No TV in the Summertime

While researching for a piece that he was writing last week, Mark ran across a few fascinating tidbits about Iceland’s national television station, RÚV, in Professor Björn Ægir Norðfjörð’s Ph.D. dissertation, “Icelandic Cinema: A National Practice in a Global Context.” Interesting enough to share, I thought:

  • RÚV came into existence in 1966 as a direct result of the U.S. Army Base in Keflavík. The U.S. wanted to make television signals available to their soldiers stationed at the base, so at first, although television hadn’t made it to Iceland yet, the U.S. soldiers were allowed to have a localized signal provided that it remained very weak, so as not to be available outside of the base. However, the signal wasn’t even working on the base, so it was strengthened, which meant that people in Keflavík and Reykjavík could then receive it as well. (We’re not sure where their TVs came from.) Many Icelanders, including notable nationalists like Halldór Laxness, strongly opposed the idea that Icelanders be watching American broadcasts, especially with no Icelandic alternative. So RÚV came into existence so there would be an Icelandic television channel for Icelanders to watch instead.
  • It wasn’t until the late 80s that RÚV broadcast during the entire month of July, or on Thursdays. Again, this is the *only* Icelandic television station, and was probably the only station that most Icelanders received (I don’t know, but I’m assuming that international broadcasts weren’t readily available). Imagine the hysteria if suddenly all television in the US was simply not available one day a week, and also for an entire month in the summer.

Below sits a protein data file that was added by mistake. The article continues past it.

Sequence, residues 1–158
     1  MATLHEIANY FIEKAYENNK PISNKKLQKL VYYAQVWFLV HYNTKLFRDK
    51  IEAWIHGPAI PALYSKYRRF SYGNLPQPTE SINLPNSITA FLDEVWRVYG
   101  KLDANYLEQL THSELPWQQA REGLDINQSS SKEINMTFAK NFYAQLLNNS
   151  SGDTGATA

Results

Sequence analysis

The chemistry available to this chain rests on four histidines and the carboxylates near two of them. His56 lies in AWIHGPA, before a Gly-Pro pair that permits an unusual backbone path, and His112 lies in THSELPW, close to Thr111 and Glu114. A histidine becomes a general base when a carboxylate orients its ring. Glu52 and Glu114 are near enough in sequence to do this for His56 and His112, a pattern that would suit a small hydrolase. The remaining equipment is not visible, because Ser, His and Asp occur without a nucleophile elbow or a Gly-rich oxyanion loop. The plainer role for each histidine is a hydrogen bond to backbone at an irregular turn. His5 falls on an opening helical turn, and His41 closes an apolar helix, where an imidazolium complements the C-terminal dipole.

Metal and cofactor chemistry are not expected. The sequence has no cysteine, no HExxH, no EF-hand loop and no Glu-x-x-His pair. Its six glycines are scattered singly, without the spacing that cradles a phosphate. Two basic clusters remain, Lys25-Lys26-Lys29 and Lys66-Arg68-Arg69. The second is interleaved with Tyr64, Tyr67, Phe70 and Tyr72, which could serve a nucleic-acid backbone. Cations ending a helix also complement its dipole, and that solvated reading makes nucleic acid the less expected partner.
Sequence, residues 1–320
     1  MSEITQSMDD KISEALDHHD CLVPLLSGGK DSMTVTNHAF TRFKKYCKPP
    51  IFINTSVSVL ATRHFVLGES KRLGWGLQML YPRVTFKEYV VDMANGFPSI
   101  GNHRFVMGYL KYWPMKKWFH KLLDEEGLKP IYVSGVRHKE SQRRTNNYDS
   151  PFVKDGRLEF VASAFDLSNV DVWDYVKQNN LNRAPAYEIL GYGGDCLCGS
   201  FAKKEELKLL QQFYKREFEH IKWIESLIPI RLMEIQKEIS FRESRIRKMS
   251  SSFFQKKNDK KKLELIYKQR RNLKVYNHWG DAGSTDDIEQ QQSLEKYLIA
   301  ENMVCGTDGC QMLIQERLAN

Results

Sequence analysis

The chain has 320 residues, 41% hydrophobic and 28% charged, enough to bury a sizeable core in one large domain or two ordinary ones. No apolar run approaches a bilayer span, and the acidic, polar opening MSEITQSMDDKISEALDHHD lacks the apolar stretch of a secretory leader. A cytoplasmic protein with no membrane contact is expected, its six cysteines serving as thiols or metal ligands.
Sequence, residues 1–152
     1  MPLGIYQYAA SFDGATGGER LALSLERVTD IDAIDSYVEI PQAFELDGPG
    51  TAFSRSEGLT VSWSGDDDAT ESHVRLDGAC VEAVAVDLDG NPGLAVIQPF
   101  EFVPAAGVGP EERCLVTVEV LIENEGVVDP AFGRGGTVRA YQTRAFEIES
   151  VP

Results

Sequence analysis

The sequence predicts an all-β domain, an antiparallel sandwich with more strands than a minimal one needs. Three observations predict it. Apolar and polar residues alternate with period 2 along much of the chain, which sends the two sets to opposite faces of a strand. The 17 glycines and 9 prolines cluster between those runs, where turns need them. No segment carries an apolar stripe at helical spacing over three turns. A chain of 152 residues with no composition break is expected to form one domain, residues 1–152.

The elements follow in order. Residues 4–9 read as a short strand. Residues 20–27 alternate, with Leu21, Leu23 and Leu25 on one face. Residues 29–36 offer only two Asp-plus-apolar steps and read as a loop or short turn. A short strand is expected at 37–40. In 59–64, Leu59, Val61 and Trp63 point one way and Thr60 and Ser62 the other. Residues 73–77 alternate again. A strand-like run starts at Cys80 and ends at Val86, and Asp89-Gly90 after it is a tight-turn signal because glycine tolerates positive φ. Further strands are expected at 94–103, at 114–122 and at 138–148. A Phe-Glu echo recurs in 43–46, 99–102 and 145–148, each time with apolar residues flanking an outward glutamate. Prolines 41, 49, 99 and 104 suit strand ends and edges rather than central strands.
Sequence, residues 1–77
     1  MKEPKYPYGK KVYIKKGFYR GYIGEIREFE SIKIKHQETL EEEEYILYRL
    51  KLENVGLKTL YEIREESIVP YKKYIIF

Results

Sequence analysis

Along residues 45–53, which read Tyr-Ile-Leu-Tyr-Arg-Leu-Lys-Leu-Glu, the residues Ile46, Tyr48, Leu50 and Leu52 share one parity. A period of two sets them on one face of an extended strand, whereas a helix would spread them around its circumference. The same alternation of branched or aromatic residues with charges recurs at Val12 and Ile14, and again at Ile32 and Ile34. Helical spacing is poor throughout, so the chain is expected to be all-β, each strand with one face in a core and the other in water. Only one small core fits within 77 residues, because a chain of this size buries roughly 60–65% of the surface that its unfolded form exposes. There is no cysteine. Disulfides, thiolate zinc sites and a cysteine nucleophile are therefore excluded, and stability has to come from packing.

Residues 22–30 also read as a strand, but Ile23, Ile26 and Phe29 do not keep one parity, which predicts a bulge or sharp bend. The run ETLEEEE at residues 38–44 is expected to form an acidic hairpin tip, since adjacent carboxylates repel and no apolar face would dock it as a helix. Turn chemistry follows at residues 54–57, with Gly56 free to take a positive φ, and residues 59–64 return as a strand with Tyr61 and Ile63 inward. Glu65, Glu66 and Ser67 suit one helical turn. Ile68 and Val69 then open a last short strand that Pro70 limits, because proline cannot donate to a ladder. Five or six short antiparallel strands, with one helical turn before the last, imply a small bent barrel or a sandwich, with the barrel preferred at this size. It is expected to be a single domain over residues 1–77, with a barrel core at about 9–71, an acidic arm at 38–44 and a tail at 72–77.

Learning About Iceland via Food

As someone who really enjoys cooking and also really enjoys eating, I find that my travels to one place or another often involve a fair amount of regional cuisine sampling. I think it really helps you to get to know a place by trying out some of the local food. So, I ate gemischte frühstück (large breakfast) in Germany, Smørrebrød in Copenhagen, poutine in Toronto (I know, it’s a Quebecois thing, but we didn’t make it that far), and raw herring with onions sold from a streetcart in Amsterdam, to name a few. Here in Iceland, I’ve been doing a great deal of cuisine sampling, of course, but am also now venturing into Icelandic cooking with some very tasty results.

My foray into Icelandic cuisine has been mainly directed by several sources–the website Jo’s Icelandic Recipes, for one, and also Nanna Rögnvaldardóttir’s Icelandic Food & Cookery, an English-language version of one of Nanna’s paired down Icelandic cookbooks, which I just can’t recommend highly enough. Nanna is an award-winning author of many Icelandic cookbooks, and when I found her English cookbook on the library shelf just next to several of her other beautiful, and incredibly extensive cookbooks in Icelandic (with sweet titles like Matarást, or Food Love), I knew I had found a winner.